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While the conversion to a convertible was fairly straightforward, high prices meant that only 523 found homes before production ended in 1962. However, that wasn’t the end of open-air thrills in a DS, as Citroen pulled the covers off its own cabriolet in 1960, yet production was again entrusted to Chapron.

When sales ended in 1971, a total of 1,315 DS and ID cabriolets had been made. And due to the DS cabriolet’s stunning lines and incredible rarity, it’s no surprise that examples sell for more than £250,000.

1959 ID estate

Buyers wanting a DS with even more space had to wait for the ID estate, or Safari, to arrive in 1959. Despite its name, it was more DS than ID, as it had the more expensive model’s powered brakes and uprated engines, plus power-steering was optional.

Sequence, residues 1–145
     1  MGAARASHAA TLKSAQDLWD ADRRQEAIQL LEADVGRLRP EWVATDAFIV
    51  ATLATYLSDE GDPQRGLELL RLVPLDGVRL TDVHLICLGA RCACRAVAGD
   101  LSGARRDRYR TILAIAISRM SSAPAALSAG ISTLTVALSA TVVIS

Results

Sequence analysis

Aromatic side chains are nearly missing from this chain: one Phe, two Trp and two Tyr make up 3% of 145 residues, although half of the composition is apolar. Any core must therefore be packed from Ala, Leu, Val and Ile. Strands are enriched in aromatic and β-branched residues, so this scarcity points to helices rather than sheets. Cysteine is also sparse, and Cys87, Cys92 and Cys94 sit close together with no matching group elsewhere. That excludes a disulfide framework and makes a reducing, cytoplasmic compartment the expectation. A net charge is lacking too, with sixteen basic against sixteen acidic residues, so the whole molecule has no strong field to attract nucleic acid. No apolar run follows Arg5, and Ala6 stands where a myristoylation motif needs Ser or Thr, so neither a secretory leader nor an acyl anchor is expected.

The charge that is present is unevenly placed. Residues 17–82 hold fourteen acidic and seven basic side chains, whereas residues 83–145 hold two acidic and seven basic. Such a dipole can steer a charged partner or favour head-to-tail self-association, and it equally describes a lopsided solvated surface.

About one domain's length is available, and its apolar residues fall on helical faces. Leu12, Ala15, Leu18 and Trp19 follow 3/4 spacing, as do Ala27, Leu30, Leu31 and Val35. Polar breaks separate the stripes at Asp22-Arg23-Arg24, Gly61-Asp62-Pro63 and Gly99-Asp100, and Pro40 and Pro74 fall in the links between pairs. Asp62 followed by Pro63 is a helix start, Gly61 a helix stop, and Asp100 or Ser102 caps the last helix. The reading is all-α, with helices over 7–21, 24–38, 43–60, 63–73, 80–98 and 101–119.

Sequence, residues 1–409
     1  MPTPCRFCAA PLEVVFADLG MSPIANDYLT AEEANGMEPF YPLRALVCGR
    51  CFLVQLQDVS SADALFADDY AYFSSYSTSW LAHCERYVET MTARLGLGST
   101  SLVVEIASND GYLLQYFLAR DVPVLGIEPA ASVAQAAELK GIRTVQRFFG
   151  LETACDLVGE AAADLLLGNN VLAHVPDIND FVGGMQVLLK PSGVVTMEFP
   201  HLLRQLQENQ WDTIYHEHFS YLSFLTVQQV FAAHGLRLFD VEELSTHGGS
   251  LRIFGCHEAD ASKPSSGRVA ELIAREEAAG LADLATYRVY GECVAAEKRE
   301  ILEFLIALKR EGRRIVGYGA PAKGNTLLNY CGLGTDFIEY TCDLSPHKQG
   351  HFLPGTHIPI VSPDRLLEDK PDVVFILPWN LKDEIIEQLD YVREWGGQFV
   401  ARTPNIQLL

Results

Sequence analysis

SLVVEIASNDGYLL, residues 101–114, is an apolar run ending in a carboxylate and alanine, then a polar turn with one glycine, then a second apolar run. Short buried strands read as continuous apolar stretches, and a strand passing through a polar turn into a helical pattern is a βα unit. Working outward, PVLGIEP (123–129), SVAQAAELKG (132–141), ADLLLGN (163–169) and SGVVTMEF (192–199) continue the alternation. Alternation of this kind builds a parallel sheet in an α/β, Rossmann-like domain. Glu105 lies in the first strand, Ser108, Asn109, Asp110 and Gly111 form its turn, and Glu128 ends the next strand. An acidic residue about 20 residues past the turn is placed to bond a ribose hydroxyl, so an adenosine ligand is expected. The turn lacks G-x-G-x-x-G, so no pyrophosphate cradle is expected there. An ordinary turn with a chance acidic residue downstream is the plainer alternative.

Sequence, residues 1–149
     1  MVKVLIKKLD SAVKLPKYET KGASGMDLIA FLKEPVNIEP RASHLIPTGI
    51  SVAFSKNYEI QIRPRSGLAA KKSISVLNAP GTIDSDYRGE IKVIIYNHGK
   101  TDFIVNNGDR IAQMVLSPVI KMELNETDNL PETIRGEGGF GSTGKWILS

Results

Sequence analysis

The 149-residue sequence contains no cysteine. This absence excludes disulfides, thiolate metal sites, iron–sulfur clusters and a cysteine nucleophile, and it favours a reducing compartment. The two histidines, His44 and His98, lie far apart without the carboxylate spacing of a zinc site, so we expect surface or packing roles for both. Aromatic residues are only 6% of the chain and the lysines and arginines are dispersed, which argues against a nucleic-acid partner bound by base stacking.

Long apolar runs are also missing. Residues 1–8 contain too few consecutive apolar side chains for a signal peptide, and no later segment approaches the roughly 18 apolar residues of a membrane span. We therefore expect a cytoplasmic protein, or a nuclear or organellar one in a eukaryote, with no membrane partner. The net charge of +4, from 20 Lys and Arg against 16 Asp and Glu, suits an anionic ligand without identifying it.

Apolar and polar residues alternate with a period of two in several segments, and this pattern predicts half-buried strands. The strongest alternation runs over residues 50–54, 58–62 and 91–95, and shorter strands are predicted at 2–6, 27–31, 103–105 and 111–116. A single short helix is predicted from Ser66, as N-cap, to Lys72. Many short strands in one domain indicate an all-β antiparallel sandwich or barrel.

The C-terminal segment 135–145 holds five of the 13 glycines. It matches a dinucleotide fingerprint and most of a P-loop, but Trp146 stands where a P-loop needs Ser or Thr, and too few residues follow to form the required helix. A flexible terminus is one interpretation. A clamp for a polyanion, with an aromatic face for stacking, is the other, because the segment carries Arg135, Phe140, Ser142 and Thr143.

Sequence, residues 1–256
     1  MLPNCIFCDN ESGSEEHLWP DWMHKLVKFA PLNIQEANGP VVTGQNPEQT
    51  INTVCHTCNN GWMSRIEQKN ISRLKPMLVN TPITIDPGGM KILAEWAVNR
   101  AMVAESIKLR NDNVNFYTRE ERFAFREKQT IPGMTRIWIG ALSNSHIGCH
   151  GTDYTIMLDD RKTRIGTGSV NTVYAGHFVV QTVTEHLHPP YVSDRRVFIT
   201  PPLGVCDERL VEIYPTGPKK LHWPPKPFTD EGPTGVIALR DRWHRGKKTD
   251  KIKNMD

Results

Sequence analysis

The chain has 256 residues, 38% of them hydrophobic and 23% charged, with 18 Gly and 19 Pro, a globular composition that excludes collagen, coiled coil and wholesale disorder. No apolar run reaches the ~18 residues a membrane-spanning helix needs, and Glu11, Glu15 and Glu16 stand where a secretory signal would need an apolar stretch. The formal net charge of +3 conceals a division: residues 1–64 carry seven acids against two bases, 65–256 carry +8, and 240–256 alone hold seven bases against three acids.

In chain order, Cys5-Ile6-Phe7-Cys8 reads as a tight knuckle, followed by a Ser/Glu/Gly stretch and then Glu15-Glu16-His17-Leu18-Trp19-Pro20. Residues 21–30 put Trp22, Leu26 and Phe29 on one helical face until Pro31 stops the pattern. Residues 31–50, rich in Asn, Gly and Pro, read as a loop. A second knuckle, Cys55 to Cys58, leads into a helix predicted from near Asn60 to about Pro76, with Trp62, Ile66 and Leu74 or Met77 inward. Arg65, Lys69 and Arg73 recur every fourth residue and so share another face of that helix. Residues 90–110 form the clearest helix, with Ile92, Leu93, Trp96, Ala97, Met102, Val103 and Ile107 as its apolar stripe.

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Yet it was the estate’s versatility that really stood out. You could have six, seven or even eight seats, but perhaps the most famous version is the ambulance, which featured a stretcher, a chair for the paramedic and space for the medical kit. Plus, live horse racing in the seventies and eighties was often beamed from a camera mounted on a modified DS Safari – its supple suspension was perfect for keeping the lens steady at speed.

1962 Charles de Gaulle and the DS

After proving a hit with the public, the DS soon gained the presidential seal of approval from Charles de Gaulle.

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In fact, the French leader owes his life to the big Citroen, after it played a big part in foiling an assassinationattempt in 1962 by a French paramilitary group.